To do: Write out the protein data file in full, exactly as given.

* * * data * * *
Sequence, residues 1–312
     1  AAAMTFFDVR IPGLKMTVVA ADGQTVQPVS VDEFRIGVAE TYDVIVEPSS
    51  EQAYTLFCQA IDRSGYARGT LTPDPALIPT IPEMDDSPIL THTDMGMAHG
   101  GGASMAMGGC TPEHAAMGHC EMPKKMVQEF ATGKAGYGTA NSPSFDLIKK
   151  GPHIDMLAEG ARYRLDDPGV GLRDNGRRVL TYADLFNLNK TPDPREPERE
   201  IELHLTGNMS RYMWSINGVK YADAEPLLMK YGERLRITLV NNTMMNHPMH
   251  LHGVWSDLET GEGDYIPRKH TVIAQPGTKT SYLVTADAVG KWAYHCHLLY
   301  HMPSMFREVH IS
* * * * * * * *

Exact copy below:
Sequence, residues 1–312
     1  AAAMTFFDVR IPGLKMTVVA ADGQTVQPVS VDEFRIGVAE TYDVIVEPSS
    51  EQAYTLFCQA IDRSGYARGT LTPDPALIPT IPEMDDSPIL THTDMGMAHG
   101  GGASMAMGGC TPEHAAMGHC EMPKKMVQEF ATGKAGYGTA NSPSFDLIKK
   151  GPHIDMLAEG ARYRLDDPGV GLRDNGRRVL TYADLFNLNK TPDPREPERE
   201  IELHLTGNMS RYMWSINGVK YADAEPLLMK YGERLRITLV NNTMMNHPMH
   251  LHGVWSDLET GEGDYIPRKH TVIAQPGTKT SYLVTADAVG KWAYHCHLLY
   301  HMPSMFREVH IS